• Have an Advanced Degree or its equivalent in your field

  • Have Exceptional Ability

  • Or qualify for the National Interest Waiver

 

3

EB-3 Employment Third Preference

In this case, “professional workers” means bachelor degree holders or a foreign equivalent. “skilled workers” refer to the distinct occupational experience that require a minimum of 2-years training. This type of green card (EB-3) is flexible in terms of its qualifying requirements.

Requirements for Skilled Workers

Must demonstrate:

  • A minimum of 2 years training or work experience and post-secondary education can be regarded as part of training;

  • Undertake job tasks that qualified U.S. workers are unavailable to do;

  • That they have permanent, full-time employment, and labor certification.

Eligibility for Professionals

Must demonstrate:

  • That they have a United States bachelor’s degree or its foreign equivalent, in line with the occupation, and that the degree is a requirement in the profession.

  • Undertake job tasks that qualified U.S. workers are unavailable to do;

  • That they have permanent, full-time employment, and labor certification.

Prerequisites for Unskilled Workers and Other Workers

Must demonstrate:

  • That they are able and qualified to carry out unskilled labor (with a maximum of 2 years work experience). This work must not be seasonal or temporary.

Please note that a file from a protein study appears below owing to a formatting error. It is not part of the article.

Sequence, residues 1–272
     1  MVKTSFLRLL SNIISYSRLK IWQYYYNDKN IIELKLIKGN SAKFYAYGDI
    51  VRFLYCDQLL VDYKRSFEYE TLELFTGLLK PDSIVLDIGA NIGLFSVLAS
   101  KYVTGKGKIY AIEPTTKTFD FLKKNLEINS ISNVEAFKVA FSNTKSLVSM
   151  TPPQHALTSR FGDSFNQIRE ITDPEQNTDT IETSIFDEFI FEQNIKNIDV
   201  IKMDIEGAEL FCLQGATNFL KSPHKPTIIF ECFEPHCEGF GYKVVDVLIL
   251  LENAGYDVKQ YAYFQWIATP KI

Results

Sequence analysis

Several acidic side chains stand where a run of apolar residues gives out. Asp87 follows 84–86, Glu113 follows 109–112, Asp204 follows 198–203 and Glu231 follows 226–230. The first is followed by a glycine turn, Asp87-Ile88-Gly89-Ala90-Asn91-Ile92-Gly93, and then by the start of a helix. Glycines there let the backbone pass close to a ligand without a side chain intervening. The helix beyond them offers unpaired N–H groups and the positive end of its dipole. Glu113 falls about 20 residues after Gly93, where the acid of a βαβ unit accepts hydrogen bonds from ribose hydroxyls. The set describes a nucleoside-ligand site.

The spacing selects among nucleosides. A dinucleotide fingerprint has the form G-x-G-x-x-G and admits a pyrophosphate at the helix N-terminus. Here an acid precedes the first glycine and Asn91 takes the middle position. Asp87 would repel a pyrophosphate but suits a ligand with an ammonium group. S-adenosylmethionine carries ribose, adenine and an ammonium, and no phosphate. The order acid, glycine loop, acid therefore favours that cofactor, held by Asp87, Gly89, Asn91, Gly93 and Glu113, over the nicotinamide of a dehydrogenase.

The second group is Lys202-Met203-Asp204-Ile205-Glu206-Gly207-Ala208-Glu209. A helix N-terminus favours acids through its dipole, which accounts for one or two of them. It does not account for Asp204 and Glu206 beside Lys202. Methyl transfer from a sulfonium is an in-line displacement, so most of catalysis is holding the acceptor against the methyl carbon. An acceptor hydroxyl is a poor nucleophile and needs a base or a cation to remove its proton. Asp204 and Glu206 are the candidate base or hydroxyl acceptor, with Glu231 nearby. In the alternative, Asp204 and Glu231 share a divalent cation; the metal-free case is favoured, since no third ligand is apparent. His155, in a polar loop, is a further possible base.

• Undertake job tasks that qualified U.S. workers are unavailable to do;

  • That they have permanent, full-time employment, and labor certification.

4

EB-4 Employment Fourth Preference 

These special Immigrants receive 7.1 percent of the yearly worldwide limit. All such applicants must be the beneficiary of an approved I-360, Petition for Special Immigrant, except overseas employees of the U.S. Government who must use Form DS-1884.

To be considered for an Employment-Based Fourth Preference (EB-4) visa, you have to show that you are a “special immigrant” in one of the following categories:

  • Religious Workers

  • Special Immigrant Juveniles

  • Broadcasters

  • G-4 International Organization or NATO-6 Employees and Their Family Members

  • International Employees of the U.S. Government Abroad

  • Armed Forces Members